Today, after watching some NFL games, I suddenly became curious about bankruptcy, so I did a quick google search and the first figure I found was astonishing. According to official records, in 2013 there were over 1 million non-business bankruptcy filings. 1 million. 1,000,000. On average, for every 300 people in the US you know, 1 of them filed for personal bankruptcy last year. This figuratively blew my mind.
So the topic for my blog post today was quickly decided.
You know, life happens. Someone in your family falls critically ill and you have to borrow money to pay for medical expenses without being able to pay it back. You lose a job because of the financial crisis and can no longer pay your bills. I offer my condolences to those that have a legitimate reason to file for bankruptcy. The road ahead, credit-wise, is going to be tough. Bankruptcy stays on credit reports for up to 10 years, and this is not the kind of record you want on your credit profile. Lenders that see bankruptcy when reviewing your credit report will not be very likely to extend you credit.
So, if bankruptcy is inevitable, how can you minimize its negative impact on your credit?
Many young folks, especially those that haven’t been in the US that long, conflate debit cards with credit cards. Debit cards have almost nothing in common with credit cards despite their similar physical appearances.
Unlike Visa and Mastercard which only process but not issue credit cards, and like Discover, American Express also issues credit cards. The origin of American Express is also very distinguished from those of the competitors. They started out as a domestic express mail service back when the US Post Office did not yet deliver packages. They made a lot of money, and very quickly established the American Express brand as a premium service provider. Later on, American Express gradually transformed itself into a financial services company while skillfully retaining and enhancing the brand nationwide and worldwide.
I personally don’t carry a credit card balance unless my credit card is offering a 0% APR promotion because one of my goals in the credit quest is to build a perfect credit history without paying a penny in interest. But from my observation, I’m not the norm. Many people I know carry balances from time to time, and when they come to me for advice, I always tell them to at least pay the minimum to avoid late payment fees, and over time I have helped them save quite a bit of money from that.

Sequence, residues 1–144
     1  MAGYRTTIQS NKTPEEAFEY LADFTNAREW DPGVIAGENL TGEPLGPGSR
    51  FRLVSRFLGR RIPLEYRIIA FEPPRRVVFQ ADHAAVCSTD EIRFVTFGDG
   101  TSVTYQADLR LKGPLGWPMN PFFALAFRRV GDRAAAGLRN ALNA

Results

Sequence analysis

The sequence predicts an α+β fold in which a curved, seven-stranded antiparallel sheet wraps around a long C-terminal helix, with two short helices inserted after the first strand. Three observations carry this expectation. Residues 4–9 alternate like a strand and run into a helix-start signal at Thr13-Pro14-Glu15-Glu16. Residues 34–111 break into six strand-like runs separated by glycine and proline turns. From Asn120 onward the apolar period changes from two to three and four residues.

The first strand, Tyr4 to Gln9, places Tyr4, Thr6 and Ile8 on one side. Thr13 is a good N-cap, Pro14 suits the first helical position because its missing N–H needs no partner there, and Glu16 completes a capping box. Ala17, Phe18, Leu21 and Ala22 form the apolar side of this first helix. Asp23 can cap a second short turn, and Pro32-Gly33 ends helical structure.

I often get inspiration for my blog posts from people I interact with. I learn of my readers’ needs through talking with friends, acquaintances, colleagues, and everyone else with whom I have a conversation that involves personal finance matters. In a recent conversation like that, I learned of someone who keeps her credit active by making a large purchase on her credit card and paying the balance gradually, over months, obviously accumulating and paying interests. She learned of this practice from someone else.
You know that I advocate paying off balances before due dates so you’d never pay a penny in interest. Let’s discuss which approach is better for your credit.
On Tuesday, February the 5th, I finally opened an investment account at Scottrade, after missing out on a lot of good deals from the stock market recovery from late 2011 through 2012. My 401(k) plan with my employer consists of mostly stock rather than fixed income, and sure enough my annual return in 2012 was almost 20%. But I was particularly confident about the revival of Bank of America when its stock price was around $5 a share, and even now I still believe I would have bought a lot of their shares and would have benefited from the 100% return had I known how to invest and had the determination to step into the investment world. Regrets are my life enemy, and to end this agony, I just had to open an investment account.
If you have read my first blog post, you may find it tempting to apply for a credit card if you do not already have one. And you should. But I’d like to give you an overview of what exactly you’re stepping into.